Notre Dame de Vassiviere is unique because her features are those of a peasant or 'paysan' of the Puy-de-Dome region of France. The original ancient statue was destroyed during the French Revolution. The statue seen today is a replacement carved in 1805. Each year on July 2 this Black Madonna is carried from her winter home at the church of St. Andre in Besee -en -Chandesse to her summer home in Vassiviere in a lively procession known as the "Montee". This traditional celebration was begun in 1547.
Notre Dame de Fourviere found in Lyon, France is found next to the basilica in the chapel of St. Thomas a Becket. The current statue is a 17th century replica of an ancient statue that originally was venerated here. The original statue was destroyed by the Hugenots in 1562. Frequently she is depicted on her medals with a lion since her basilica is located in 'Lyon', the French word for lion.
Known as the Queen of the Savoie region of France, Notre Dame de Myans has been located here since 1100. She is credited with miraculously stopping an avalanche at her chapel in 1280 and with saving the brother of St. Francis de Sales as he was on his way to his marriage. This statue was referred to in ancient an ancient text as 'l'image de Notre-Dame, noire et ethiopienne' (the image of Our Lady, black and Ethiopian).
Our Lady of Czestochowa is also called "the Black Madonna of Jasna Gora" after the monastery where the icon resides ~ this Black Madonna is actually a painting, rather than a statue. She was made famous throughout the world by the veneration of Pope John Paul II and is frequently depicted on the reverse side of his papal medals as a sign of his devotion to her. Many miracles have been atrributed to this Madonna. Her legend claims that she was originally painted on a tabletop by St. Luke and brought to Constantinople by St. Helena. The icon was brought to Poland in the 1500's by St. Stanislaus.
Our Lady of Liesse, also known by the beautiful name 'Our Lady Cause of our Joy', was brought to Soissons, France from Egypt in 1143 by three knights of Malta who had fought in the crusades in the Holy Land. The original staute was destroyed during the French Revolution, but a great devotion to Mary remained in the diocese of Soissons. A duplicate statue was crowned in the Basilica of Liesse by the express wish of Pope Pius IX in 1857. Our Lady of Liesse medals contain the image of the Maltese Cross in memory of the crusaders who brought her to Europe.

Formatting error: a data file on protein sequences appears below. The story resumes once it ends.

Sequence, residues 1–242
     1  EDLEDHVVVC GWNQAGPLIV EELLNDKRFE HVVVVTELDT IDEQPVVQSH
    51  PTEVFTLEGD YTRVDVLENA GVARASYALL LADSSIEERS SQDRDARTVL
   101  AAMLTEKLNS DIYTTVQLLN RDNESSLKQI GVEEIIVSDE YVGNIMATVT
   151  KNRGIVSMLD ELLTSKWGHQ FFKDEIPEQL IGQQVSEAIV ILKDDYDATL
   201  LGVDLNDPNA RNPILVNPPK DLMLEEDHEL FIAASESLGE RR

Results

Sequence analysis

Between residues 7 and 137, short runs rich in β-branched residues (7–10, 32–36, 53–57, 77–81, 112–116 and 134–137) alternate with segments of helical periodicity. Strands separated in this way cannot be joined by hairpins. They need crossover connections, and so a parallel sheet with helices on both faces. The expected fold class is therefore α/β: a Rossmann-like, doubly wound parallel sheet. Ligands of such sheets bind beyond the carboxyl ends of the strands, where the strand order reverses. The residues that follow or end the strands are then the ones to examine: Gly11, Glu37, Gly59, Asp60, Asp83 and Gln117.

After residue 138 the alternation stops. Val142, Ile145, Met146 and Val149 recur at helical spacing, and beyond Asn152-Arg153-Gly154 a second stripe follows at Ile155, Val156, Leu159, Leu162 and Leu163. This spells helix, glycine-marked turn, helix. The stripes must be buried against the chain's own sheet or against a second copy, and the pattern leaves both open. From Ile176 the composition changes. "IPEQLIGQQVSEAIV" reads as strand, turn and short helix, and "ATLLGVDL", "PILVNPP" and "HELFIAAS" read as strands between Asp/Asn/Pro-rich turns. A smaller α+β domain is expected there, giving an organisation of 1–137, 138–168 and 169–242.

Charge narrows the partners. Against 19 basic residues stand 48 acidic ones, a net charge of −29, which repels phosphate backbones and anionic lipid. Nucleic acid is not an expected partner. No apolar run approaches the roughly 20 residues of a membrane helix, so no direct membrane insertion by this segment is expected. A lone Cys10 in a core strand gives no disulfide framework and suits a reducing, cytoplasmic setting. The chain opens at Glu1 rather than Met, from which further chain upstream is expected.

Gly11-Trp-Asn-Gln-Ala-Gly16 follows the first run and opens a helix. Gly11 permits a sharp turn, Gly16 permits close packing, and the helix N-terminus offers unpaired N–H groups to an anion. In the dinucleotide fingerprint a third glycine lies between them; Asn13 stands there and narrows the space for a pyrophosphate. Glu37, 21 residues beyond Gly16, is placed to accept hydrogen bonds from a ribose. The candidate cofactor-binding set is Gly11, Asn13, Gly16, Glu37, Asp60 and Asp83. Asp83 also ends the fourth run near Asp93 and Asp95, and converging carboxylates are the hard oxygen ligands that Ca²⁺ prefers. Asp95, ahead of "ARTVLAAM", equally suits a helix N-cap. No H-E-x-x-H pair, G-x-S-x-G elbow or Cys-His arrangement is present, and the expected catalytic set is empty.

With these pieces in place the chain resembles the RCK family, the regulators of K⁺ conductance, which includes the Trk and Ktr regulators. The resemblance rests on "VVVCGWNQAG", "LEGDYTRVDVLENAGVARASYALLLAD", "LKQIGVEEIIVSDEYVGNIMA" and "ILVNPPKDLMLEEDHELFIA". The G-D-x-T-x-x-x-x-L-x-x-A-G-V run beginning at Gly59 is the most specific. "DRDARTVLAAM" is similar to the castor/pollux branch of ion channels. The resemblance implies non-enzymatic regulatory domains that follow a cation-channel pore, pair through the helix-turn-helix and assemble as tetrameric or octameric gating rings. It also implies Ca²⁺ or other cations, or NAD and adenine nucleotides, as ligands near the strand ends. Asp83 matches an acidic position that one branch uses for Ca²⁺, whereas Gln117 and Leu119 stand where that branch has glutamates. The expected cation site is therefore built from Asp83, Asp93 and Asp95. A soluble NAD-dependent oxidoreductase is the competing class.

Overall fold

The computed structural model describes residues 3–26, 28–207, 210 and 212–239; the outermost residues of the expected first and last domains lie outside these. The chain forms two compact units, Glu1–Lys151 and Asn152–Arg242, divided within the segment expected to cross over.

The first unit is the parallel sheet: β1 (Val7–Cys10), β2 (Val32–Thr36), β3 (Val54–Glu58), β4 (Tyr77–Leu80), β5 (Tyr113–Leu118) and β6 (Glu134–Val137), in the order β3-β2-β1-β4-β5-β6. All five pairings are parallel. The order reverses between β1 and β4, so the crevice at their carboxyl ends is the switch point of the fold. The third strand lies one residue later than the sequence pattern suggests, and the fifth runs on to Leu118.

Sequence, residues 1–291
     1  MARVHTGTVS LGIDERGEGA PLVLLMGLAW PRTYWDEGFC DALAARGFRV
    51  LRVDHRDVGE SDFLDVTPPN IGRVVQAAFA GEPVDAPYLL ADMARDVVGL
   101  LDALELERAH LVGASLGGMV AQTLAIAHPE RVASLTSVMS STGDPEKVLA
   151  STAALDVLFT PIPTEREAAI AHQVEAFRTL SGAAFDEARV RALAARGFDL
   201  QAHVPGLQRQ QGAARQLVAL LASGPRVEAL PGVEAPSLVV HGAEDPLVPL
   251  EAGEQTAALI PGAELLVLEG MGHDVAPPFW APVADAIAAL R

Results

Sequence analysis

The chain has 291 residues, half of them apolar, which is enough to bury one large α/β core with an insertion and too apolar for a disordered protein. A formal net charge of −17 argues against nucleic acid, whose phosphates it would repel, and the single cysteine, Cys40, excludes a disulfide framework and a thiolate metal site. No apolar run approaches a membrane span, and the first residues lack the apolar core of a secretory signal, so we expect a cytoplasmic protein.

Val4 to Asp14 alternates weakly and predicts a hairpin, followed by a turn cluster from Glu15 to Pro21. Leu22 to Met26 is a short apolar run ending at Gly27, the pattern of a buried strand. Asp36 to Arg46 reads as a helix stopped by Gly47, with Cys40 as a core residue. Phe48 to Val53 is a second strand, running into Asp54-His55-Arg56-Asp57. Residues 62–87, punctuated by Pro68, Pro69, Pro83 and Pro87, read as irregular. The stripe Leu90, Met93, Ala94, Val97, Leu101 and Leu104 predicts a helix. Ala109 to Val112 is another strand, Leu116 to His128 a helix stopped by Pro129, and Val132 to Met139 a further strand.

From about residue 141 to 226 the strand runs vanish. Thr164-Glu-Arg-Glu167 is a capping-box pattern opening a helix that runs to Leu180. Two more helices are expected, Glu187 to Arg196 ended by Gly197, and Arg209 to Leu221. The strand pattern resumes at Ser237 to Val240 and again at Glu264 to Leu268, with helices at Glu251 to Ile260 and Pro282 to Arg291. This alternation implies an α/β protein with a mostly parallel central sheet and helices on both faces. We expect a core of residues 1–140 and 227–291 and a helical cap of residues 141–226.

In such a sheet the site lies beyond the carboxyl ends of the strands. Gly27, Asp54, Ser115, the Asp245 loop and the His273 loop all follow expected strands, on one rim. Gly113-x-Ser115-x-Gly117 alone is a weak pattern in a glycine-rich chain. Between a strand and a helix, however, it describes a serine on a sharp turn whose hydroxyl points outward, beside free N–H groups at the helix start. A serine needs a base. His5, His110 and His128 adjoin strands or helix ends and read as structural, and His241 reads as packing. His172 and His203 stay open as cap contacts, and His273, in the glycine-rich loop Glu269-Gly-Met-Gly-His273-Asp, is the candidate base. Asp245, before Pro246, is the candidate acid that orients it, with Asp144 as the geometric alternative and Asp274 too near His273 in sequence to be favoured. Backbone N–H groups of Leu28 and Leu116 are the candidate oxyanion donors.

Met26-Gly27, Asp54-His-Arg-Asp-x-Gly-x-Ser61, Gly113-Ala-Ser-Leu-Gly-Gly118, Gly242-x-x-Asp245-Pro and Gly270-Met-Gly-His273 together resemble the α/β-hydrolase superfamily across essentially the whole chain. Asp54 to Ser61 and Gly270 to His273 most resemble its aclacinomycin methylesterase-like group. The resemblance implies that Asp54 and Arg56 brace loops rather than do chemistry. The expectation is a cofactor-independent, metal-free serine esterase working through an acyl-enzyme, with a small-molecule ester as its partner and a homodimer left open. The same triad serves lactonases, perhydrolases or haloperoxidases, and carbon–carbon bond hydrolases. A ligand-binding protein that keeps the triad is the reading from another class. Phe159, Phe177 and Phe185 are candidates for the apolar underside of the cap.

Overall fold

Chartres Cathedral is actually known for two Black Madonna stautes. Notre Dame de Sous-Terre (Our Lady of the Crypt) was found in the 6th century, before the Cathedral of Chartres was even built. Some believe that the statue had Druid origins and was known to represent "the virgin who would bear a child" in that cult. The original statue was burned during the French Revolution. The current statue is a reproduction dating from 1857. The statue of Notre Dame du Pilier (Our Lady of the Pillar) originally dates from the 13th century. The current statue replaced the original in 1510 and is carved from pear wood. She is called this because she is located on a pillar for easier viewing by pilgrims who visit Chartres.
Please note that I will continue to update this guide as I collect more Black Madonna medals. If you are interested in finding a particular medal to add to your collection, please let me know and I will do my best to track it down for you. I frequently list various Black Madonna medals along with a wide variety of other patron saint medals, Papal medals, and Our Lady medals in my Ebay store Susan's Vintage Catholic Medals. Please take a look!